Identifying and removing the cell-cycle effect from single-cell RNA-Sequencing data
The simulation data projected onto its first two principal components.The cell types are represented by the different shapes (circle, triangle) and the cell-cycle time point of each cell is represented by the different colors (red, blue, green). (a) Original Data. Here the data is clustered into six groups corresponding to the combinations of cell type and cell-cycle status. (b) scLVM corrected data (one latent factor removed). The data clusters into three groups corresponding to cell-cycle status. (c) scLVM corrected data (three latent factors removed). No distinct clusters are observed. (d) ccRemover corrected data. The data splits into two groups corresponding to the cell types.
© Copyright Policy - open-access
Related In: Results  -  Collection

License
Show All Figures
getmorefigures.php?uid=PMC5037372&req=5

f1: The simulation data projected onto its first two principal components.The cell types are represented by the different shapes (circle, triangle) and the cell-cycle time point of each cell is represented by the different colors (red, blue, green). (a) Original Data. Here the data is clustered into six groups corresponding to the combinations of cell type and cell-cycle status. (b) scLVM corrected data (one latent factor removed). The data clusters into three groups corresponding to cell-cycle status. (c) scLVM corrected data (three latent factors removed). No distinct clusters are observed. (d) ccRemover corrected data. The data splits into two groups corresponding to the cell types.
Mentions: Applying clustering algorithms, such as k-means clustering or hierarchical clustering, to the gene expression profiles of single cells can reveal the different cell types present in heterogeneous tissues, allowing them to be identified and characterized91011121314. However, for this approach to achieve its optimum power the high-noise nature of scRNA-Seq data needs to be carefully handled15161718192021. ScRNA-Seq data, while known to have large variance introduced during library preparation1722, also suffers from large systematic bias caused by biological noises, which act as confounding factors that obscure biological signals of interest in the data121523. For data generated by other high-throughput techniques such as microarrays, removing systematic bias has been shown to be critically important242526. For scRNA-Seq data, one of the major sources of biological noise is the cell cycle19272829303132. During the cell cycle a cell increases in size, replicates its DNA and splits into daughter cells. Different cells are at different time points of this cycle, and thus they may have quite different expression profiles15, even if they are cells of the same type3334. This within-type heterogeneity can seriously deteriorate the performance of clustering algorithms for cell type identification: it may blur clusters of cell types or cause cells of similar cell-cycle statuses to stand out as new clusters. Figure 1 shows an example using simulation data. Gene expression data is simulated for 50 cells and 2,000 genes. The cells are randomly assigned to two cell types (denoted using different shapes) and three cell-cycle stages (denoted using different colors). Figure 1a shows the results of principal component analysis (PCA) on this simulated data. The cells are clustered into six distinct clusters, grouping by both cell types and cell-cycle statuses. Cell-type discovery using this original data directly will mistakenly result in the discovery of six cell types.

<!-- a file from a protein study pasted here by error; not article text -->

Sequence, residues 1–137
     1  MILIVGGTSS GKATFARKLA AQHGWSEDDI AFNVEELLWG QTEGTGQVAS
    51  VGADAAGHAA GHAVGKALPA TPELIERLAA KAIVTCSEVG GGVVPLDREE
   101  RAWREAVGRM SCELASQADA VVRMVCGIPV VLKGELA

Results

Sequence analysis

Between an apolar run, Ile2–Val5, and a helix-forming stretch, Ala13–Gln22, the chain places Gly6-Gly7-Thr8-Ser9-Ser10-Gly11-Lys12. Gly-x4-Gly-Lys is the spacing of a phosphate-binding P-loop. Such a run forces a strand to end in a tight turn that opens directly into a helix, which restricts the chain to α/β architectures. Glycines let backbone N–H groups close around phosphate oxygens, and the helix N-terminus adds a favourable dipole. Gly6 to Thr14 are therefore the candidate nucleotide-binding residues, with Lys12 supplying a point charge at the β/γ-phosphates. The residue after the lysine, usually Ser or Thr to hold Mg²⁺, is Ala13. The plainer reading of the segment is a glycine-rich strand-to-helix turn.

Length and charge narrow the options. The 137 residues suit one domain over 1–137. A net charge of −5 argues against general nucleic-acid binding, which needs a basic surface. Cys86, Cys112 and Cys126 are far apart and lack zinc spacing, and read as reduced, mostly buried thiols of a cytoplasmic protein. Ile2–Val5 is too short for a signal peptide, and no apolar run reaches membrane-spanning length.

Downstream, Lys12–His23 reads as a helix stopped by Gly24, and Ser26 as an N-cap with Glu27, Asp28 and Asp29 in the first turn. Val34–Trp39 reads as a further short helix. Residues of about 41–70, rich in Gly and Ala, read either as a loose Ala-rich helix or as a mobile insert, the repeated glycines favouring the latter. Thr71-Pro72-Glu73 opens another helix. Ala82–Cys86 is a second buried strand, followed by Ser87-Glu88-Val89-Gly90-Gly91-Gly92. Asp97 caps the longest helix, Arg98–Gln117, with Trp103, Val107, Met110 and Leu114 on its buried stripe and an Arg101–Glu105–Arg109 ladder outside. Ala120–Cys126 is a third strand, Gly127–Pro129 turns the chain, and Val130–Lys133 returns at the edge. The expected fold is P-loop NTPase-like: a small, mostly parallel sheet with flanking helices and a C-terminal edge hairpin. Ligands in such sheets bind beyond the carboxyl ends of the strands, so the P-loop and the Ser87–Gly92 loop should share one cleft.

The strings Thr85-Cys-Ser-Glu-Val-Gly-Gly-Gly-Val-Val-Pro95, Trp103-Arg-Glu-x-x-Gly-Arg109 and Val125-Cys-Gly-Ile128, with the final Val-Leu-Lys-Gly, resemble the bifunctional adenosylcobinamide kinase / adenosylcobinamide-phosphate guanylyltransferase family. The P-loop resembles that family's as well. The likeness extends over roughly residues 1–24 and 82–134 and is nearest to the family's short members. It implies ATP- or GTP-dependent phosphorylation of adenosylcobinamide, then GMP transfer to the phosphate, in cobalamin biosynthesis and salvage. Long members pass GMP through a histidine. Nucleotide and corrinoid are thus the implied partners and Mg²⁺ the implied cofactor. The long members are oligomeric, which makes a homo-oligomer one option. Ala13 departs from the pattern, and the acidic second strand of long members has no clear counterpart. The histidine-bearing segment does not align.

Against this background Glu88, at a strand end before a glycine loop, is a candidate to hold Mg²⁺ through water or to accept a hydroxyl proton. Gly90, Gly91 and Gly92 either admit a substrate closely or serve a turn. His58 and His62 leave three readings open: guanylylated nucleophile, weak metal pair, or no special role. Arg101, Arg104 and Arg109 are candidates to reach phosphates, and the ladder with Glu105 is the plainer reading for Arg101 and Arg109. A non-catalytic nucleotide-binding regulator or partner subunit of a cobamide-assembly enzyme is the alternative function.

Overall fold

View Article: PubMed Central - PubMed

ABSTRACT

Single-cell RNA-Sequencing (scRNA-Seq) is a revolutionary technique for discovering and describing cell types in heterogeneous tissues, yet its measurement of expression often suffers from large systematic bias. A major source of this bias is the cell cycle, which introduces large within-cell-type heterogeneity that can obscure the differences in expression between cell types. The current method for removing the cell-cycle effect is unable to effectively identify this effect and has a high risk of removing other biological components of interest, compromising downstream analysis. We present ccRemover, a new method that reliably identifies the cell-cycle effect and removes it. ccRemover preserves other biological signals of interest in the data and thus can serve as an important pre-processing step for many scRNA-Seq data analyses. The effectiveness of ccRemover is demonstrated using simulation data and three real scRNA-Seq datasets, where it boosts the performance of existing clustering algorithms in distinguishing between cell types.

No MeSH data available.